“Regarding Juanita Castro's new book and her work for the CIA, when I was in Cuba from 1963 to 1965, there were 7 million Cubans. Now there are 11 or 12 million. People don't make babies when conditions are dire.”
AlinaM on Nov 17, 2009 at 10:25:30
“The majority of the population in Cuba is older. Also, people make babies when there is not effective means of birth control. If you were to check birth rates you will find that the poorest people have the most babies pretty much everywhere in the world.”
Ergon on Oct 27, 2009 at 17:16:00
“You're wrong, if well-intentioned. So, if the corollary of improved conditions is a falling birth rate, you'll be glad to know the Cuban birth rate is falling, as are infant mortality rates, and life expectancy is one of the highest in the Americas, at 76 years.
Which means conditions are quite ok. Not perfect, but better than havens of democracy like Haiti or the Dominican Republic, or the Appalachian mountains and parts of Mississippi :)”
wereeverywhere on Oct 27, 2009 at 16:13:08
“That's so sad. Please try again.”
Stephen Diaz on Oct 27, 2009 at 15:42:11
“India, Bangladesh, China, and the southern states of the US all say hello. Poor people tend to have more children than rich. Look at the population growth in Europe over the past 25 years. According to your thesis, Western Europe must be in shambles/
“Yesterday on Democracy Now, political writer Antonia Juhasz revealed the IMPORTANT part of the ISG's proposals, starting with why they have to be taken as a whole: the report recommends the privatization of Iraqi oil, with contracts for the oil majors, to be administered by a central government. I didn't hear anything about this either on CNN, public television or the BBC.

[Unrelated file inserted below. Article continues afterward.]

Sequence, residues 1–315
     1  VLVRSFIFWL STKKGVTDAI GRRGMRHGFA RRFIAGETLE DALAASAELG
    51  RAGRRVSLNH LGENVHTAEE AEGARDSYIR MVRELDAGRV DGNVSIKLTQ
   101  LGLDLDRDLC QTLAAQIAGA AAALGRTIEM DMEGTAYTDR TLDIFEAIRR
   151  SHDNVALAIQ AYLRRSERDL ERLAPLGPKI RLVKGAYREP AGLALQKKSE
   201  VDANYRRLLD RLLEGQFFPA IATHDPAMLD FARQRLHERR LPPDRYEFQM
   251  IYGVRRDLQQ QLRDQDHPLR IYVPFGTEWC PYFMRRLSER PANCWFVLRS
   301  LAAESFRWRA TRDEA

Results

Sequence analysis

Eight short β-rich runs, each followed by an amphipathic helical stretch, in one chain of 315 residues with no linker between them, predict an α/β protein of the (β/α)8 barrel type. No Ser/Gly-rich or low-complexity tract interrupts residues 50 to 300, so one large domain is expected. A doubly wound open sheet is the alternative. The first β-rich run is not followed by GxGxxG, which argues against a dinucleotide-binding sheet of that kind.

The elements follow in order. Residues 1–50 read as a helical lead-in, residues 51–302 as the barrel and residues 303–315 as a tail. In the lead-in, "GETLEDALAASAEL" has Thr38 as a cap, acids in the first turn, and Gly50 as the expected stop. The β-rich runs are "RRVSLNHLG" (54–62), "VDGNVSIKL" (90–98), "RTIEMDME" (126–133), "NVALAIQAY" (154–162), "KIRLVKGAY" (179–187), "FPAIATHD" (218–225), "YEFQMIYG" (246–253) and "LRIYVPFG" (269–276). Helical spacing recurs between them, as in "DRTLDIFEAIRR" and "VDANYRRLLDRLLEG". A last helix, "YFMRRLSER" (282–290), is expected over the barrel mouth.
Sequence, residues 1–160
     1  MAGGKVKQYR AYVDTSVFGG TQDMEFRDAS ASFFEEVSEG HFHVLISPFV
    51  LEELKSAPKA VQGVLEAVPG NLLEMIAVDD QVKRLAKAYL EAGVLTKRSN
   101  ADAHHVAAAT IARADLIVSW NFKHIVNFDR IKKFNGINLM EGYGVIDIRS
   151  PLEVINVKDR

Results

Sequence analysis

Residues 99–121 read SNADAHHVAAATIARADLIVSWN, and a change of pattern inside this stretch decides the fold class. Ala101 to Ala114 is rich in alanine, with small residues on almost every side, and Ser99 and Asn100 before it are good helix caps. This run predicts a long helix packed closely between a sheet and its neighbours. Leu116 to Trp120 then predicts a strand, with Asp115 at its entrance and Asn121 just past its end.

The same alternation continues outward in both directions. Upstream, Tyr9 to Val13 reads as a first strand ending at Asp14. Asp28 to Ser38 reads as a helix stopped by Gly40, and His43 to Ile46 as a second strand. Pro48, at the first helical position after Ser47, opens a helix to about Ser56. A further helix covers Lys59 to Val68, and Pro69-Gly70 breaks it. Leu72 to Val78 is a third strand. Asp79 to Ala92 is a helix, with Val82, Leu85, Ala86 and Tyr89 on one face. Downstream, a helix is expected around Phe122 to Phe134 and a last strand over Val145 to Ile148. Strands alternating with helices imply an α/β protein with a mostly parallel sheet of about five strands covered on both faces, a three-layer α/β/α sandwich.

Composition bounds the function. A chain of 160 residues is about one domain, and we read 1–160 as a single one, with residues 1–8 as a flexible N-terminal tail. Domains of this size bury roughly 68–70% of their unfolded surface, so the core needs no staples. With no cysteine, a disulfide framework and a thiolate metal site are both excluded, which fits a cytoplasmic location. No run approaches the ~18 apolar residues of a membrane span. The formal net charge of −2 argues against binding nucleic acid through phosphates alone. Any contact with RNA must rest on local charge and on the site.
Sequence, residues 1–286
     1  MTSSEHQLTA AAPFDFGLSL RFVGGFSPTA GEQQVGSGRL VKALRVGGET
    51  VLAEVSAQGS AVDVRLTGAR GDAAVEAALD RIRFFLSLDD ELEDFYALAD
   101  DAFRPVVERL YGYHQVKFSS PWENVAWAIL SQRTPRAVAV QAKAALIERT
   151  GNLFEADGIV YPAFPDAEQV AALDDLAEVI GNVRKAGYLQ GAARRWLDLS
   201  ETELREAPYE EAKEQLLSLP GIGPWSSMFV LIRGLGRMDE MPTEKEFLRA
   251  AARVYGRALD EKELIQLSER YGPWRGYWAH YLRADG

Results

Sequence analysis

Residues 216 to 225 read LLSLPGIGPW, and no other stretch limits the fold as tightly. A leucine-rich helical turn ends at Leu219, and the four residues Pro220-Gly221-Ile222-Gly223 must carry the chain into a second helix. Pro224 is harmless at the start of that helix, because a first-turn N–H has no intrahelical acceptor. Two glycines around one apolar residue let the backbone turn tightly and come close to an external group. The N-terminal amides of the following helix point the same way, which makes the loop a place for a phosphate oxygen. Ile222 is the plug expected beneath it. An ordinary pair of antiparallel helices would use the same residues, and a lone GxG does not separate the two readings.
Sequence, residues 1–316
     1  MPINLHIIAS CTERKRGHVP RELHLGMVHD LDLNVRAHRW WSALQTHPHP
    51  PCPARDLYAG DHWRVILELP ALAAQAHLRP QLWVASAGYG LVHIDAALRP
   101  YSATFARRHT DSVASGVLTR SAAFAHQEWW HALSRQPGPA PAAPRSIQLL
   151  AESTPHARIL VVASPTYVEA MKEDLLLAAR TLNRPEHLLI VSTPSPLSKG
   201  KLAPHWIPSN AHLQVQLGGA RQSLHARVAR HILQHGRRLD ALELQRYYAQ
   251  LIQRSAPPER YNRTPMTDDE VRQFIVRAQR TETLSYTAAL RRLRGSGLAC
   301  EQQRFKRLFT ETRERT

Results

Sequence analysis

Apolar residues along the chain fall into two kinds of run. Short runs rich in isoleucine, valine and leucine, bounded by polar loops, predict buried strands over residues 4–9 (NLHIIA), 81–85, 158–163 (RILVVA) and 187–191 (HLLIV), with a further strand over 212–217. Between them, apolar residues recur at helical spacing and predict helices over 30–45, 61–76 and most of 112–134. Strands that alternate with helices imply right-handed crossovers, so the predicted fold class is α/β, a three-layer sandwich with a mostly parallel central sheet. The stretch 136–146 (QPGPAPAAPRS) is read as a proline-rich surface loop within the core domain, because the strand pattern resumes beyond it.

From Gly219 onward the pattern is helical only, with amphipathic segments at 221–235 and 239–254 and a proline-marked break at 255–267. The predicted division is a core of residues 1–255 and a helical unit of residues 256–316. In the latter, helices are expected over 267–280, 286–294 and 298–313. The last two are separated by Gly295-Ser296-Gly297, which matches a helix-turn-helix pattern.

I enjoy your humor, Ariana, and that of your commentators, but shouldn't you also be exposiing what's behind this war? Nobody seems to talk about oil except in passing. This tends to make it seem only vaguely important.
A sentence in Sandra Mackey's 2003 book "The Reckoning" has been sticking in my mind since I read it. It was that under Saddam, cruising police cars were enough to prevent violence: the Iraqis were cowed. I keep wondering how they manage to abduct, torture, kill and hide victims under a many thousand man occupation? Is there a relationship between the violence that is somehow allowed to go on and the fact that the U.S. is building a bunch of permanent bases in Iraq?
If the up-front ISG recommendation is to hand the oil over to international comnpanies, via a central government, is it not conceivable that prolonged "failure" of a central government to control violence could be used to justify permanent occuption - which will be presented as for the good of the Iraqi people, but will in fact serve to protect foreign oil rights? Is Iraqi failure being engineered?
I'd like to hear fromm some military in Iraq about this.”